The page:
3 minutes later I had something dark and delicious.

Puehr is filled with funky notes that go well with milk chocolate.

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The search continues for an inexpensive, yet tasty green tea to fill my cup.

This time I picked up an unnamed Chinese Wulu for $10 / 100g.

While that is more expensive than the last tin at $6 / 110g,
I think that the tea is tastier.

I used 4 grams and 400 mL of water and got two good steeps out of it.

This might actually be my new everyday green.

I might even be able to eat the leaves from this.
That’s the one thing I love about Long Jing.
Those wok fired leaves are so easy to eat.

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Assam Tea

The first steeping waa about 200 mL with 4 grams of tea. I had to add a bit of water to make it more drinkable after steeping. Just a plain black tea. Not too exciting.

Second steeping I went for closer to 400 mL. This time the tea really opened up and became delicious, on the tea and citrus side plus something extra. It took quite a bit of sugar to get there, as you would expect with a tea as strong as Assam.

I didn’t get a lot of aroma from this tea.

You should be able to hold a good tea in your mouth and continue to get flavour from it. This assam delivers that.

The colour was orange / red.

Update: This was made for milk and sugar. It’s an Assam all right!

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Today was 34 C. So I picked a tea that would remind me of a summer bonfire. It’s odd that we celebrate the heat with even more heat, but in another way it’s accepting of summer.

What I love about this tea is that you can breath the flavour in after drinking it.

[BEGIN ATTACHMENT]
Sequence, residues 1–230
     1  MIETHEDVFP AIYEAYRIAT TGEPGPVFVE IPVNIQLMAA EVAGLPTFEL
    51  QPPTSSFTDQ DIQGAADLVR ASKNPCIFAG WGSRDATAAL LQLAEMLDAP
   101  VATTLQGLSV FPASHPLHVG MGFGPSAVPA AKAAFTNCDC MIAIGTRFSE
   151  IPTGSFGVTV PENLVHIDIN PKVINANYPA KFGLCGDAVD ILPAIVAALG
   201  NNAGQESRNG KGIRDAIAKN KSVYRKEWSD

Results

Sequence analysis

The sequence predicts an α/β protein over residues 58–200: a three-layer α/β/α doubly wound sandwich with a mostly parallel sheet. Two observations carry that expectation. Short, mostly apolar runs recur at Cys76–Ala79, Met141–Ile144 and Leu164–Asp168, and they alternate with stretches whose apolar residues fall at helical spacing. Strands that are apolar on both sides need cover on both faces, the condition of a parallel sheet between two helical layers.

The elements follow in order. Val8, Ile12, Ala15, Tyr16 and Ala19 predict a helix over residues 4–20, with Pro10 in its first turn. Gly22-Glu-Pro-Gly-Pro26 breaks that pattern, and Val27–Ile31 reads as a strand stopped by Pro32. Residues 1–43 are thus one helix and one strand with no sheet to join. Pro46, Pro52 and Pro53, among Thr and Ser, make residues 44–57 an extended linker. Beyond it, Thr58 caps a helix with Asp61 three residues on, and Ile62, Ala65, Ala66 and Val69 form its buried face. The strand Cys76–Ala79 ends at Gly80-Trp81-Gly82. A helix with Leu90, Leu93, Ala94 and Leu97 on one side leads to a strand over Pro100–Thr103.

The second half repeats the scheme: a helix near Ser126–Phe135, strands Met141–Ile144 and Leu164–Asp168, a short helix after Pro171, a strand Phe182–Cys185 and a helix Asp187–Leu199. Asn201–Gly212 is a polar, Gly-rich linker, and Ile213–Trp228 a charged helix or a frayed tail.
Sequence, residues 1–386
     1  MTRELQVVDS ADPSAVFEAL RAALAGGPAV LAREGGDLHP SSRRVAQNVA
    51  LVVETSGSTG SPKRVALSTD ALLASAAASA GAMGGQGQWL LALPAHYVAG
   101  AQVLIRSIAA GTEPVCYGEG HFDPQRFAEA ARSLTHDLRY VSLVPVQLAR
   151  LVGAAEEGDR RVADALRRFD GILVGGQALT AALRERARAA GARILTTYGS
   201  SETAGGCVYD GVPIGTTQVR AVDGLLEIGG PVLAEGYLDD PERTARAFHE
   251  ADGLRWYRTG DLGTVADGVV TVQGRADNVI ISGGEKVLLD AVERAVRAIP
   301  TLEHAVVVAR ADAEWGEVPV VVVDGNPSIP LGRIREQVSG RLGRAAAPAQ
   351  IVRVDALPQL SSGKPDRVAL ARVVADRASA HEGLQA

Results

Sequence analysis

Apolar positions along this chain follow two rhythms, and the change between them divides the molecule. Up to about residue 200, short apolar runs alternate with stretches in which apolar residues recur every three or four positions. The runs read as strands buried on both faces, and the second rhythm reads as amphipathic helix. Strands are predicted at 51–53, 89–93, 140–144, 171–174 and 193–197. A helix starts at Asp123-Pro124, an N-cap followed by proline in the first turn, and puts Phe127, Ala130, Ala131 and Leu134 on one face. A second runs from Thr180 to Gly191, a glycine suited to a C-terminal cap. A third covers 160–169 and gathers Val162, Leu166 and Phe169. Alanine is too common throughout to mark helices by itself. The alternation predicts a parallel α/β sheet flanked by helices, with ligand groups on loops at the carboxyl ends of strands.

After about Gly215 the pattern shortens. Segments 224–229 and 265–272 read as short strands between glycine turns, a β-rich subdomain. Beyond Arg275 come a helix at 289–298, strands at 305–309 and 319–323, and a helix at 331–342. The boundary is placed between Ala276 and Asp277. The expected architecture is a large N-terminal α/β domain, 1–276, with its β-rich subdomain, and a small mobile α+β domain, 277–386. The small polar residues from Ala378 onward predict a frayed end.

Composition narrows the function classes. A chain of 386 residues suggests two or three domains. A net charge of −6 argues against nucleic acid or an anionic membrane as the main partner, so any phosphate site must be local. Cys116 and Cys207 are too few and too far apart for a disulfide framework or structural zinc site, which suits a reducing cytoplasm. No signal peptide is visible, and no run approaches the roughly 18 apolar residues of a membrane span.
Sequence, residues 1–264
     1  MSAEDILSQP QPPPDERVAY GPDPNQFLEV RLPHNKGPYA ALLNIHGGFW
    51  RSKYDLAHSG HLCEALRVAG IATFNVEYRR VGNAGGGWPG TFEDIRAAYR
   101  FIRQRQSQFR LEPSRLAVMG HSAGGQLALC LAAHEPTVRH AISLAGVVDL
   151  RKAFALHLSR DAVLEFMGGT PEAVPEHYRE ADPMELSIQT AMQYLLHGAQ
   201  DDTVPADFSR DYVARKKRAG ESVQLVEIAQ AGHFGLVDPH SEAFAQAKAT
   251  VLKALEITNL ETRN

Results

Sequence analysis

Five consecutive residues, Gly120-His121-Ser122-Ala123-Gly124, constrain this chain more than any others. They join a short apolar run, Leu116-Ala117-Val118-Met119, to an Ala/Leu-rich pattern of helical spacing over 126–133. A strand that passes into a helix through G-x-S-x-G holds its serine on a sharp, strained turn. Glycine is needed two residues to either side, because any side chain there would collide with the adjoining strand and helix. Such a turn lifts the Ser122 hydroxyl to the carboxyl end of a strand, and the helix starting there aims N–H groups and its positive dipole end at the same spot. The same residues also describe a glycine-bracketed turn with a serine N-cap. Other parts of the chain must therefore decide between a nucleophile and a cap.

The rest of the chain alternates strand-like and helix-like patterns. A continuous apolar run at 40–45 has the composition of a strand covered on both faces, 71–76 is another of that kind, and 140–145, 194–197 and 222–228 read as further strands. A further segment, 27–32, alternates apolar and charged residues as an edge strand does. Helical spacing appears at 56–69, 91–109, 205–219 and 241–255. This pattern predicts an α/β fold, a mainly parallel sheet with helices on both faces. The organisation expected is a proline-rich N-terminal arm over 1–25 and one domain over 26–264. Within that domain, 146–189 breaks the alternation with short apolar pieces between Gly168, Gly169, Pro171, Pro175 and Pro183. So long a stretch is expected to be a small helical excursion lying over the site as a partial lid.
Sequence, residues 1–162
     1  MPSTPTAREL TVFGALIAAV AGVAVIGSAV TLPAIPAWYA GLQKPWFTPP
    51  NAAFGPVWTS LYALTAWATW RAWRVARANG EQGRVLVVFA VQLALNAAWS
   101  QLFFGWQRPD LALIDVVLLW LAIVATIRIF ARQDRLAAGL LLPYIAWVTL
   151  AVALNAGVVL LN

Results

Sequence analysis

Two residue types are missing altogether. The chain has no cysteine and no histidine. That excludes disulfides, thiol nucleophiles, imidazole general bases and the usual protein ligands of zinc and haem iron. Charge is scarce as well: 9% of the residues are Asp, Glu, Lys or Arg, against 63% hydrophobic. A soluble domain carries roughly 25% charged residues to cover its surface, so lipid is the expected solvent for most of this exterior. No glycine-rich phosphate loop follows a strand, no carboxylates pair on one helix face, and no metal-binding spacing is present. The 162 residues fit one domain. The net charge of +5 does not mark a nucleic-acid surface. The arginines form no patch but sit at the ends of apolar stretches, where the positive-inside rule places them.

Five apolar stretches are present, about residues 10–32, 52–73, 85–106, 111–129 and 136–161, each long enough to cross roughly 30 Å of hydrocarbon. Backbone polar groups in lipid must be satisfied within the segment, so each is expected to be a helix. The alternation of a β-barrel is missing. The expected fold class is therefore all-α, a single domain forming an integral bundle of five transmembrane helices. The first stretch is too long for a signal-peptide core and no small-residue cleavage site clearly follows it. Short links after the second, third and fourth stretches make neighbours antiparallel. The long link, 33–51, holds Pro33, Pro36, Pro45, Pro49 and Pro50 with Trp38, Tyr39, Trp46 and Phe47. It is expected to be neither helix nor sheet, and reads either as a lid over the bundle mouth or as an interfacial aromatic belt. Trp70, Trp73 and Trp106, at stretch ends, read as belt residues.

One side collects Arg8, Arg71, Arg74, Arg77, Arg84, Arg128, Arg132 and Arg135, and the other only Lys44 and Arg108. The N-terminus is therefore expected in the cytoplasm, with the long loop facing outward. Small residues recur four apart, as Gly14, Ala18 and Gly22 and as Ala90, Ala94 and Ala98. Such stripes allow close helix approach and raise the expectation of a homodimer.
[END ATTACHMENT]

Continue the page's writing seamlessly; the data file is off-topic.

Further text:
The tea base itself was mild and unobtrusive. How can I describe the smoke demons that dance on my tongue. There are so many types of wood to use. Previous teas have tasted like burning green pine needles. Acrid. There was a little of that, but overall it was smooth. Perhaps this was from Wuyi, as there were greens beside this. This is a lot milder than what I have had before. The liquor was a lighter orange red.

The only experience I get like this is real bbq. Smoking ribs, brisket, and pork.

Well, maybe smoked salmon too. And of course maple syrup.

I will have to wait for the return of winter and enjoy this while standing on a huge snow bank.

Lapsang Souchong unknown.

Flavors: Smoke, Wood

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Second Flush Darjerling
No Origin
Brewed Lighter Ceylon Orange Colour
BOP I suppose

It’s a nice clean black tea. It’a so easy to drink. The aroma just reminds me of what tea should smell like. So yummy.

Iced it is great too. There was a bit of a dry spot on my tongue because of this tea. Umami?

I was reading someone say they didn’t enjoy darleeling. This tea makes that easy.

Price about $12 / 100 g